Surprisingly few individual investors sold during the stock market correction


When stocks tanked at the end of January, Mike Brown decided to watch Netflix or flip to whatever game he could find on television.

He certainly wasn’t going to sell.

Brown, 24, has broad exposure to the market, especially for someone his age. He saves in a 401(k), trades tech stocks on the Robinhood platform and even owns some Ethereum, a lesser-known cryptocurrency.

“The market will almost always bounce back, and as an investor, my focus is on the long game, not the short,” says Brown, a Hoboken, New Jersey-area research analyst.

A financial planner couldn’t have put it better.

It turns out that Brown wasn’t alone. Only 6 percent of investors decided to sell because of the market correction that ran from Jan. 26 to Feb. 8, according to a new Bankrate survey, while 3 in 5 investors emulated Brown by intentionally doing nothing.

That’s especially remarkable given the amount of attention President Donald Trump gave stocks before the correction. In fact, 44 percent of investors were simply indifferent to the decline, compared with nearly a quarter who described themselves as fearful or sad.

Investor indifference

While only 6 percent looked at the correction as a reason to sell, Bankrate’s survey found that 15 percent of investors decided to add equities to their portfolio.

The vast majority, though, were inert, as 60 percent decided to make no moves, while 1 in 6 weren’t aware there was a market downturn at all.

Everyday investors — as you might expect, given their inaction — didn’t particularly care about what was happening on Wall Street. In addition to those oblivious, 44 percent described themselves as indifferent. Meanwhile, 13 percent said they experienced fear, 11 percent felt sadness and 9 percent were excited.

Cooler heads have prevailed

Perhaps the Mike Browns of the world didn’t fret because the cause of the market dip was counterintuitive.

Investors experienced a collective freak-out after the January jobs report showed that worker’s pay perked up a bit more than expected. (Although average annual wage growth was still below pre-recession levels.)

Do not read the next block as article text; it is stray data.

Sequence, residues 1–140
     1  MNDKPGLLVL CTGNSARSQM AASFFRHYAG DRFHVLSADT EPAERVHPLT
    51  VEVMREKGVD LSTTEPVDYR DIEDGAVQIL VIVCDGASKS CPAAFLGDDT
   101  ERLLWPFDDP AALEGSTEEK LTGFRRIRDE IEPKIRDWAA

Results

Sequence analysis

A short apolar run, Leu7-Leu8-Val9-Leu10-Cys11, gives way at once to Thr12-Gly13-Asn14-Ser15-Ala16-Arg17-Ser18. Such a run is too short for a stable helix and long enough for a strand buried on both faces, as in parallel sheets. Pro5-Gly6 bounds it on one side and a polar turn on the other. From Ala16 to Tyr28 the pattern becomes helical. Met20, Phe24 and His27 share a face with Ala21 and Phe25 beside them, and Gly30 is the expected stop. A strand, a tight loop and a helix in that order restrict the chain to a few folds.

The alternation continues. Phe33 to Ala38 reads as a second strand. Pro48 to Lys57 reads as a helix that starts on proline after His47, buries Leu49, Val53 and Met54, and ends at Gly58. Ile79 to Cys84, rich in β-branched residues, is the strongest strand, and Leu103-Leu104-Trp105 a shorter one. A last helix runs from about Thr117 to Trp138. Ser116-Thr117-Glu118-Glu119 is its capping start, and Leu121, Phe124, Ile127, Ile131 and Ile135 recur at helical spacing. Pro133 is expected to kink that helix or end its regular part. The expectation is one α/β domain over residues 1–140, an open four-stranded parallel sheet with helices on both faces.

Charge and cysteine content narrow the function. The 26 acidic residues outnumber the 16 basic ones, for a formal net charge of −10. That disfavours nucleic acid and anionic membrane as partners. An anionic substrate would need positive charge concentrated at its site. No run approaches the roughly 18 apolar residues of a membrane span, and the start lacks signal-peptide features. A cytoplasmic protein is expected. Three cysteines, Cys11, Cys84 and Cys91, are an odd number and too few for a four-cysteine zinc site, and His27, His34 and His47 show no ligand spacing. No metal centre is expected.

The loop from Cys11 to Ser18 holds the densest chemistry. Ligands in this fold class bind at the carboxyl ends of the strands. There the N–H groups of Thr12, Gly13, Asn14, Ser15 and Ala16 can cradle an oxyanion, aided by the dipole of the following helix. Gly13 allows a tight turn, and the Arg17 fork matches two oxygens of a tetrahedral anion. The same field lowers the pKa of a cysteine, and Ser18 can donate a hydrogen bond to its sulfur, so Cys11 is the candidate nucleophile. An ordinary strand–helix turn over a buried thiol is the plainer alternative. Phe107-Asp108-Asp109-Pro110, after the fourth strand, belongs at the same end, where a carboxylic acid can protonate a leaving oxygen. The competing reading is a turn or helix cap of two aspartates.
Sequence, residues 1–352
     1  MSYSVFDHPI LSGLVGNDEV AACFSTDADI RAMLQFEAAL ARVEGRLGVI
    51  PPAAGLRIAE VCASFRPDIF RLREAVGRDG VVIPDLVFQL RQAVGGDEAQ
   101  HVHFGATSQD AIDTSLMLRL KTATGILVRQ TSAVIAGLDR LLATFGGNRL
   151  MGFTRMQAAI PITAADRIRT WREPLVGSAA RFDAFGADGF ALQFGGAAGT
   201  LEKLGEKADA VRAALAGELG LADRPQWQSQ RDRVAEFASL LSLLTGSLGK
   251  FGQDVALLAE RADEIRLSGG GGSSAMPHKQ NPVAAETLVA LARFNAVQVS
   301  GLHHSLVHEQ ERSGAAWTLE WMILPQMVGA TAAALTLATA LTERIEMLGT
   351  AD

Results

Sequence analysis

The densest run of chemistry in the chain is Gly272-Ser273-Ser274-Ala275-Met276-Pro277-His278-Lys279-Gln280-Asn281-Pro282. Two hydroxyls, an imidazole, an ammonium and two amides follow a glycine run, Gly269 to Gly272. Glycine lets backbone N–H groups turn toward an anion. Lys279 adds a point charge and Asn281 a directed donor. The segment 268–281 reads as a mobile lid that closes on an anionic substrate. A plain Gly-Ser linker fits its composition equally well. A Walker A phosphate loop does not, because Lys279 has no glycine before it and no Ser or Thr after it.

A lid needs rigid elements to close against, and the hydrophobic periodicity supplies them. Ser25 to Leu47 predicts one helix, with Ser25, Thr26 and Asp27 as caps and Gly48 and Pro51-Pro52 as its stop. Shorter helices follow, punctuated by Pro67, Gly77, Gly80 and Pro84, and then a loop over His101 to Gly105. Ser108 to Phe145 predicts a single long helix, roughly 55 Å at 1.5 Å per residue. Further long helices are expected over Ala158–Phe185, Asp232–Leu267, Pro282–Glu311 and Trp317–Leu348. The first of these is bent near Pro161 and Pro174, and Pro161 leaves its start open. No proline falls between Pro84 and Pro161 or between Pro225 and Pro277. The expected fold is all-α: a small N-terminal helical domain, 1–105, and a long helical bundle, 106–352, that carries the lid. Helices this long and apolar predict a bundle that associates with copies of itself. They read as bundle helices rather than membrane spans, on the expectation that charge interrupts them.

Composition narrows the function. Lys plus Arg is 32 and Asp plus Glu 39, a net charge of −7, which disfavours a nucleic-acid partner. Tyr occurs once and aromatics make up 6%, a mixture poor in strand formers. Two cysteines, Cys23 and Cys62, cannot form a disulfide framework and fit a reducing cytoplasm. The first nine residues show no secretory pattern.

While average Americans, many of whom are still recovering from the Great Recession, would rejoice at the prospect of higher pay, Wall Street types only saw the prospect of faster inflation, an increased number of Federal Reserve interest rate hikes, higher borrowing costs and slower economic growth.

The S&P 500 fell from about 2874 to 2581, the lowest point since November, while the yield on 10-year U.S. Treasuries jumped 20 basis points. (Bond prices and yields are inversely related.)

Since the beginning of February, however, cooler heads have prevailed.

Various inflation metrics, including February wage gains, lessened market observers’ fear of out-of-control price increases. The S&P 500 gained more than 6 percent since the recent nadir, while 10-year yields leveled off, all despite continued shake-ups in the White House and the potential for a trade war over Trump’s announced steel and aluminum tariffs.

“Despite the trade-war jab that followed the inflation and interest rate combination, the equity markets appear eager to shake off recent worries, press forward and regain the advantage by recouping the losses incurred in the recent correction,” says CFRA chief investment analyst Sam Stovall.

Saving for the long haul

Unfortunately, not enough people were subjected to the correction, according to the Bankrate survey.

Only 43 percent of Americans said they own any type of investment, such as a 401(k) or brokerage account, which dovetails with other findings.

That’s not good.

Absent pensions, the only way most Americans will be able to afford retirement is to save at least 10 percent of their pay, including any employer match, in a tax-preferred retirement account, such as a 401(k) or IRA.

Those with retirement accounts, according to the Federal Reserve’s most recent data, only have a median of $60,000 saved. One rule of thumb is that you need 11 times your income stowed away.

While you may have avoided the worst of the correction, make sure you save in your 401(k) so you can enjoy decades and decades of future gains. commissioned YouGov Plc to conduct the survey. All figures, unless otherwise stated, are from YouGov Plc. Total sample size was 2,287 adults. Fieldwork was undertaken between Feb. 28–March 1, 2018. The survey was carried out online. The figures have been weighted and are representative of all U.S. adults (aged 18+).

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